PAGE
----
April 26th, 2010


Taste of Decatur = Waste of My Saturday = Scam

I love the fact that now, when you have a bad customer experience, you can share it and find out, hey, you weren't the only one.

My experience Saturday at the Taste of Decatur "festival":

Taste of Decatur Not So Tasty

(BTW, been asked to clarify that this event was NOT in any way related to "Garden of Eatin: A Taste of Decatur" festival put on by Decatur Cooperative Ministries.)

And here are multiple blogs backing me up:

Taste of Decatur Was a FUBAR from the Get-Go to the Letdown

A Rant on Taste of Decatur

Taste of Decatur: How not to organize an event 101

And here's a news article:

Event Leaves Bad Taste in Decatur's Mouth
sideview, obamame_sideview


One thing I find sadly lacking in this world of cynicism, sarcasm and satire is a general lack of empathy. Or at least a willingness to skim over empathy except in rare cases when we're asked to really think about what we're saying. Once we look at our words and views, we might say "Oh, well that's not really fair..." However, most of the time we don't stop and do that, but just go on flippantly dissing other people, people with other beliefs, etc.

One example of this, which is so common it's a great example, is the way many people characterize young black women in low-level retail jobs. These women are slandered in casual conversation, email, the media, etc., as "ghetto," a waste of space, ignorant, too into their nails, having poor taste, having bad hair, not talking "right," etc., etc. I hear and see it happening all the time. Now, it's true, sometimes there is humor to be found but it bugs me that so much of the humor, dissing, dismissing comes at the expense of people who aren't exactly responsible for their own situations.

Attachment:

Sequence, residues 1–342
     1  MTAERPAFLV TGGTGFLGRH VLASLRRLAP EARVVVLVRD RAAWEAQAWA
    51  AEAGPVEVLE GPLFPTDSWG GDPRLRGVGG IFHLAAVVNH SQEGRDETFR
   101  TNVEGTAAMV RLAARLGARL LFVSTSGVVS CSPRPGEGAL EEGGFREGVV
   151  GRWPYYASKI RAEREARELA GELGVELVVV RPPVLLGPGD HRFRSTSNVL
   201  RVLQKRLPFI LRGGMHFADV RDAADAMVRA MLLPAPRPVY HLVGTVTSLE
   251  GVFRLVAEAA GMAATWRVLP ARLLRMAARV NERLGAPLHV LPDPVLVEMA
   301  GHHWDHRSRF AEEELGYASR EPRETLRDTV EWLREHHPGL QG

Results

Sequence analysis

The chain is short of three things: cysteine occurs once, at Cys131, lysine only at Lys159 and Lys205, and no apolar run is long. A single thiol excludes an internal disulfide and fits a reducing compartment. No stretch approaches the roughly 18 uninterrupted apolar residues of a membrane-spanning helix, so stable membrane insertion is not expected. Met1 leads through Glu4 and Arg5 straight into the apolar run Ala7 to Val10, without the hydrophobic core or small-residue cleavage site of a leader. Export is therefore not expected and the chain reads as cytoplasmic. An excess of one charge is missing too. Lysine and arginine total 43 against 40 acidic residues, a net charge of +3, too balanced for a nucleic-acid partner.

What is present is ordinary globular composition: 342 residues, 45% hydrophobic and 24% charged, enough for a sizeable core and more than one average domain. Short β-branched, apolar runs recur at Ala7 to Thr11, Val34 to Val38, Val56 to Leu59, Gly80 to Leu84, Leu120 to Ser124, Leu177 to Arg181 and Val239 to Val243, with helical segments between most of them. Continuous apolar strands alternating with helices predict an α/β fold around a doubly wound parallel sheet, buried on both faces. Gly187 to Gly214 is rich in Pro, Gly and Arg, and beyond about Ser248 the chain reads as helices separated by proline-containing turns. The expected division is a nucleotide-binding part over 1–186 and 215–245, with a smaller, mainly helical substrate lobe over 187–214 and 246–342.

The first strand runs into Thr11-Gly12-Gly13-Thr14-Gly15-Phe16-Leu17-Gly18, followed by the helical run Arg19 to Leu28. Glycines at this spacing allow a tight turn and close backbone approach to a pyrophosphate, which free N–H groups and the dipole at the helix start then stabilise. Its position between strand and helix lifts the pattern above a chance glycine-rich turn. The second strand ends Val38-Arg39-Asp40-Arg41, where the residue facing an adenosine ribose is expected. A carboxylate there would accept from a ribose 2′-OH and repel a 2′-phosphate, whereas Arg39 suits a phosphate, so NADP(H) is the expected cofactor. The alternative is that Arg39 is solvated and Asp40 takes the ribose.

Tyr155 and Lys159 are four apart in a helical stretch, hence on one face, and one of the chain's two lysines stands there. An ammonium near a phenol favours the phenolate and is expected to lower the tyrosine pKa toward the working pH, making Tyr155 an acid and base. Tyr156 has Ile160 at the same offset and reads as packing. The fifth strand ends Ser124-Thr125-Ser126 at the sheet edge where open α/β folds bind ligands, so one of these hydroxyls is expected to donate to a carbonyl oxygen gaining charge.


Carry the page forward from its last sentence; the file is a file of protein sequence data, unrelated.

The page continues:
I mean, a girl raised by a single teen dropout mom in a tiny apartment in southwest Atlanta who didn't have any "finer" education, who grew up surrounded by people mostly like her, who hasn't ever had the means to "better" herself and finds a job as a checkout girl is the best she can do... Is it really so funny? What other way could she be, given the situation and opportunities (or lack thereof) she's had?

I'm just citing one example of a theoretical person, but everyone out there, poor, rich, black, white, etc., has their own circumstances, and those circumstances might not always (and I would say, usually aren't) entirely their fault. The same goes for homeless people -- do you think a 55-yeard-old man stood up in class at age 10 and say "I want to be an alcoholic living under a viaduct when I grow up"? Don't you think they tried to avoid their fate? Anyone can make a bad choice and, coupled with bad luck, bad education, bad family history, mental illness, or whatever other individual circumstance, that choice can lead downward. Blaming the victim or characterizing them as bad, evil, worthless, etc., really to me shows a lack of empathy, a lack of imagination.

Not saying I'm guiltless in this, but there are too many people who seem never to put on their feeling hearts and are always just being *ssholes when talking about other people who they think are "lesser" than them. I don't know how to solve these issues of poverty, drug addiction, illiteracy, etc., but I do know that empathy and understanding are necessary.
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